Here are our recommendations for laying a solid access grant foundation at stage two:

  1. Establish your organization’s role definitions in collaboration with key LOB app owners
  2. Map these business roles to your IT access control groups (e.g., AD groups)
  3. Use AD/LDAP groups to assign birthright access to your IT-owned apps, including:
    • Coarse-grained access (assignment to the app itself)
    • Fine-grained access (assignment to specific entitlements within the app)

Stage 3: Leading Automation

In the next stage, companies replace manually managed groups with dynamic ones for faster and more accurate access grants—resulting in substantial productivity improvements. With this capability in place, your IT leaders can empower LOB stakeholders and app owners to assign their own fine-grained user or app level entitlements, and enable end-users to get appropriate apps without IT intervention.  

At stage three, IT teams should embrace the following best practices:

  1. Replace manually managed groups with automatically managed ones to streamline birthright access assignments
    • If you haven’t already, this is a great time to set up Okta’s group rules with data from your IT sources of truth (like AD and LDAP), so you can automatically put users into or take them out of groups based on attribute changes 
  2. Base access grants on HR data (personal contact information or job-specific data, such as titles, departments, and managers) and IT data (user ID, email address, entitlement groups) as much as possible, using legacy AD groups (e.g., “enterprise sales”) only when necessary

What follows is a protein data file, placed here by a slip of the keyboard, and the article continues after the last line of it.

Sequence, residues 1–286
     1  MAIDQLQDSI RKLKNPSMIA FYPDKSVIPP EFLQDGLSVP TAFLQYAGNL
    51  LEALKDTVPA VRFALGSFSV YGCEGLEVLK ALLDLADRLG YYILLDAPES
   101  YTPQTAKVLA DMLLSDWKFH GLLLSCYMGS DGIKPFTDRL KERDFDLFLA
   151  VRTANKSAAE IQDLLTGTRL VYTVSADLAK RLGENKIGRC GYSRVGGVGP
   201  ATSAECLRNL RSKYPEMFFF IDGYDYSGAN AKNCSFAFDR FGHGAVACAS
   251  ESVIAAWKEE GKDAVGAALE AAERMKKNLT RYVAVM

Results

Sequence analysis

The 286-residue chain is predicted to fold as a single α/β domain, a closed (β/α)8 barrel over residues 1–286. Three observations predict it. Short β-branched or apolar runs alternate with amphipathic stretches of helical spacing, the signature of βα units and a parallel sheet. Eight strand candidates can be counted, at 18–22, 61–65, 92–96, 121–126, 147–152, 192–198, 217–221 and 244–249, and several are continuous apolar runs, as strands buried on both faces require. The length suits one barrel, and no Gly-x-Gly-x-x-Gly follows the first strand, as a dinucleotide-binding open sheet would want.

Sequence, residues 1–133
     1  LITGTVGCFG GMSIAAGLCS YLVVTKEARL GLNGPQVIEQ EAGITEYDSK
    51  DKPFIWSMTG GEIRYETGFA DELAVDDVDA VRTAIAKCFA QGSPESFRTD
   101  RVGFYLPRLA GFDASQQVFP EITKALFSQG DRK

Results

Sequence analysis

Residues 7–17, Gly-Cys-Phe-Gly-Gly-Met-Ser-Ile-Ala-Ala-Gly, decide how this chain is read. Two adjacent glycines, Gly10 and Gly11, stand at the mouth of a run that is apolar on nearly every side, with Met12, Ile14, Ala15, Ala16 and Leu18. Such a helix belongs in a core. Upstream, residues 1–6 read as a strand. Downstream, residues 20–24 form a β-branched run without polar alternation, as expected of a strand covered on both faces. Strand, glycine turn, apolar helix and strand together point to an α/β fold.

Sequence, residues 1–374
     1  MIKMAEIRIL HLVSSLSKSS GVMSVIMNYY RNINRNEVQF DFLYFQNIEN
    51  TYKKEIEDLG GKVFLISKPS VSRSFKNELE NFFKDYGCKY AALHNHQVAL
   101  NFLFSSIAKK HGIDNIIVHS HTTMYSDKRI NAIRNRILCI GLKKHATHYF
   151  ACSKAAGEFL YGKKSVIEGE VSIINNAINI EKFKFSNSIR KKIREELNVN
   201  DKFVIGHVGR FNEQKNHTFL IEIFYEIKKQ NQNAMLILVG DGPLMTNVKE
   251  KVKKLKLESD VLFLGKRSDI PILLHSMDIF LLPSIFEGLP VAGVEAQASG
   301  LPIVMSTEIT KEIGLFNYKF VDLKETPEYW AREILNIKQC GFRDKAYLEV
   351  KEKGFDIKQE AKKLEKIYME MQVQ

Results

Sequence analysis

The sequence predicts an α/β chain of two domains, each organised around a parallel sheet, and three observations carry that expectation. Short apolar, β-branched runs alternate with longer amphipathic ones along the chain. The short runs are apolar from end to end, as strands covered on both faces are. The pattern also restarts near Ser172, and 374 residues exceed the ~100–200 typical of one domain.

3. Coordinate more closely with LOB app owners to help them set fine-grained entitlements for function-specific systems like CRM or marketing automation
    • Route access requests directly to LOB owners via automated ticket creation and alerts that include identity data, and delegate simple resource assignment decisions to application owners
  4. Implement self-service for end users to scale high volume, low risk access requests

Stage 4: Visionary Automation

IT teams with a visionary approach to granting access use even smarter techniques that improve their company’s security posture. You can do this by feeding additional factors into access decisions and systematically pruning and purging not just orphaned accounts, but all your roles, entitlements, and groups.  

Next steps for teams aiming to reach this top level of access management include:

  1. Devise a continuous authorization strategy to support zero trust
  2. Implement time-bound, contextual access parameters for resources (e.g., looking at security risk, cost, usage, projects, etc.), and configure periodic reauthorizations to maintain clean access policies
  3. Regularly review all access control groups and entitlements, taking a proactive approach by setting up automatic alerts for unused resources
  4. Delegate more complex resource assignment decisions to application owners, and kickstart the process by creating baseline accounts and passing identity attributes, roles, and groups data to LOB app owners via IT tickets, automated emails, Slack messages, or shared spreadsheets

As smart teams progress through the various stages of identity lifecycle management maturity, they’ll enjoy dramatic benefits by more efficiently and effectively orchestrating their identity data, lifecycle processes, and the access grant workflows we discussed above. Stay tuned for our final post of this series, in which we’ll explore various ways identity automation can accelerate critical tasks surrounding audits and compliance. In the meantime, feel free to check out our step-by-step guide to review our suggestions around the four common stages of lifecycle management maturity.